Role of the innate immune system in the development of chronic colitis

J Gastroenterol. 2002 Nov;37 Suppl 14:38-42. doi: 10.1007/BF03326411.

Abstract

Based on Pasteur's work on the microbial nature of fermentation, it was widely believed that the presence of bacteria in the intestine was essential for the life of the host. It has also been known for decades that gut commensal microbes effect the activation and development of the systemic immune system through gut-associated lymphoid tissues (GALT). Recent extensive studies have shown that recognition of microbes is mediated by a set of germline-encoded receptors, Toll-like receptors (TLRs), in mammals. This article reviews the role of the innate immunity system in the development of GALT and the pathogenesis of inflammatory bowel diseases (IBD).

Publication types

  • Research Support, Non-U.S. Gov't
  • Review

MeSH terms

  • Antigens, Differentiation
  • Colitis / immunology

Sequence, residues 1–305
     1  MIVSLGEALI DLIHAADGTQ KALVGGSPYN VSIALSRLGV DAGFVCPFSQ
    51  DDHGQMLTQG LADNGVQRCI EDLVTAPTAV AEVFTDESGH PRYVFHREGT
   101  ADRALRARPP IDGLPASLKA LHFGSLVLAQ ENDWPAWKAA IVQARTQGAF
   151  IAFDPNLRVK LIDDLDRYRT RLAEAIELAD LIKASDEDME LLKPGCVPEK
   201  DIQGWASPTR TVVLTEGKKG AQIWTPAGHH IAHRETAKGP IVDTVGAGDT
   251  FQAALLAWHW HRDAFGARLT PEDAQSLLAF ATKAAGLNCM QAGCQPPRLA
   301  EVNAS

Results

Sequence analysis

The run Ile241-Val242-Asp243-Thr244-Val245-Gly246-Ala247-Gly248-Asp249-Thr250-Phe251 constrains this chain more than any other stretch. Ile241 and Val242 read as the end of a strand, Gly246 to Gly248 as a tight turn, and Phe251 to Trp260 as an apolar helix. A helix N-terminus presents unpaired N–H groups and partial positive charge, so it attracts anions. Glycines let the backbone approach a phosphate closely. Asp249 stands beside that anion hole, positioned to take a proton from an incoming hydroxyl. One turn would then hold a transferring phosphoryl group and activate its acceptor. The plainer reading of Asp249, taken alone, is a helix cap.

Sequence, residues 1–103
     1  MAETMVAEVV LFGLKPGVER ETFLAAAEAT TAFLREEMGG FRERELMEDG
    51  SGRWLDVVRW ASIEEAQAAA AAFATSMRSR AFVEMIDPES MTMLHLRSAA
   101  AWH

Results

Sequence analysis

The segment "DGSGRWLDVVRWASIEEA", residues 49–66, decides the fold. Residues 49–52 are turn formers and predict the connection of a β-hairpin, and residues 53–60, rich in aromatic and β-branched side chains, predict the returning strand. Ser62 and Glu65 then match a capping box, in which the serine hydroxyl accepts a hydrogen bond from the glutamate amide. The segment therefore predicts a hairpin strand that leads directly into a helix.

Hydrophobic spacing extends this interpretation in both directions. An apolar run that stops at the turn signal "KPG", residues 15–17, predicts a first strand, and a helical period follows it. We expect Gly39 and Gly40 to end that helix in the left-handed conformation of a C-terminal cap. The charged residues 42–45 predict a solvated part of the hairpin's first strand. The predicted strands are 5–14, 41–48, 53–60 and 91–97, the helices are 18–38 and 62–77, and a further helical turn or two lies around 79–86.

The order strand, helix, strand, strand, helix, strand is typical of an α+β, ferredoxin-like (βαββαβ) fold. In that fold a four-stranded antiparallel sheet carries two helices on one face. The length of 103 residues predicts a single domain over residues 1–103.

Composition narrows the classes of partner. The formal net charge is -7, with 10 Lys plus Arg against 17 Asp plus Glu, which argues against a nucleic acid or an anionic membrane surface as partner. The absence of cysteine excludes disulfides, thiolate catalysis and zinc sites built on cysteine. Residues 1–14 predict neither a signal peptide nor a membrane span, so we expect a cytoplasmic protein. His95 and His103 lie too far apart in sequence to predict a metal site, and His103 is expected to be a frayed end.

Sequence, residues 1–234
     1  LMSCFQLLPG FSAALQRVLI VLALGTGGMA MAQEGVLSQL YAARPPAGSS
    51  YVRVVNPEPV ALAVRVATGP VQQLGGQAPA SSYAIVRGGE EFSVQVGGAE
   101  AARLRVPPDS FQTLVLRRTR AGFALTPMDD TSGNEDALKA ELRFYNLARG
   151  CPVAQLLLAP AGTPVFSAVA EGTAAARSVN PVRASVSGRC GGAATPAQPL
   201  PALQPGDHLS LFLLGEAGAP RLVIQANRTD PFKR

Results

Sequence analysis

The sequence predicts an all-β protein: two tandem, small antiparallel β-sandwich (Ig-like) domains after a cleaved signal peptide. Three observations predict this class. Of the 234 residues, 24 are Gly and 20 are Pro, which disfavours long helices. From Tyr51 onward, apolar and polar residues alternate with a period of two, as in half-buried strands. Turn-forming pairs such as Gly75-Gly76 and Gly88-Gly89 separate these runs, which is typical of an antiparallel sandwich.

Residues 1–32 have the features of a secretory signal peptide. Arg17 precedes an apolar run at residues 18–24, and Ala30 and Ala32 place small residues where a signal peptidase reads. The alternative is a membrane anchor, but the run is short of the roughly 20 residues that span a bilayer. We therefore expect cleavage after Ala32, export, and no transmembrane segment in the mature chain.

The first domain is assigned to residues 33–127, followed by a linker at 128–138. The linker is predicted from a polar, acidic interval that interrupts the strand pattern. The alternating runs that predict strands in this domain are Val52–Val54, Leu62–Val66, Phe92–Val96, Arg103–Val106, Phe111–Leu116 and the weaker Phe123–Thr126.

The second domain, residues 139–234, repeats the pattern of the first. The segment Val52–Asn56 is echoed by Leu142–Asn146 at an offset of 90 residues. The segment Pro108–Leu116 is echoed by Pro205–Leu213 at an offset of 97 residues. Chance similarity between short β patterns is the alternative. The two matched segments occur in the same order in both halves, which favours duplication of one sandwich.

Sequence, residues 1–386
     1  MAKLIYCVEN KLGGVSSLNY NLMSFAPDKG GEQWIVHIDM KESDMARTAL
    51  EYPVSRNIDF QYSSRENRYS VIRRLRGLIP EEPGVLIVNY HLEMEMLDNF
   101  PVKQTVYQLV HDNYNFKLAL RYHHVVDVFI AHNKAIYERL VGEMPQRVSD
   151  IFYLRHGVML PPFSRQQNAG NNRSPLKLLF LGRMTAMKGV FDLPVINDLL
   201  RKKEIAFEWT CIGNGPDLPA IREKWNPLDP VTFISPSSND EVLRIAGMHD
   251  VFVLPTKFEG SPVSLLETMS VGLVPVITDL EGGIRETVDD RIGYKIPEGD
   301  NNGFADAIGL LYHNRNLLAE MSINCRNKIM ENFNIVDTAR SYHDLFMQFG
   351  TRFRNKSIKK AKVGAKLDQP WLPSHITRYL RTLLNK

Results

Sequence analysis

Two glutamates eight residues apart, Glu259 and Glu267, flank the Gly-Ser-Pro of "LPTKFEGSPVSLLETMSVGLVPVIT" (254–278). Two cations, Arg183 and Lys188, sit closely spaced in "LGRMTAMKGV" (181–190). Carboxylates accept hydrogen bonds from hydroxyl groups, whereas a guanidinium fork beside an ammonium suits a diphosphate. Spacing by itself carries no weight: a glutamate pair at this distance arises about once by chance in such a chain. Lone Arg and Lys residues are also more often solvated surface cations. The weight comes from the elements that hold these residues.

• Colitis / physiopathology
  • Drosophila Proteins*
  • Humans
  • Immunity, Cellular / physiology*
  • Inflammatory Bowel Diseases / immunology*
  • Inflammatory Bowel Diseases / physiopathology*
  • Membrane Glycoproteins / analysis
  • Membrane Glycoproteins / immunology*
  • Prognosis
  • Receptors, Cell Surface / analysis
  • Receptors, Cell Surface / immunology*
  • Receptors, Immunologic / analysis
  • Risk Assessment
  • Sensitivity and Specificity
  • Toll-Like Receptors

Substances

  • Antigens, Differentiation
  • Drosophila Proteins
  • Membrane Glycoproteins
  • Receptors, Cell Surface
  • Receptors, Immunologic
  • Toll-Like Receptors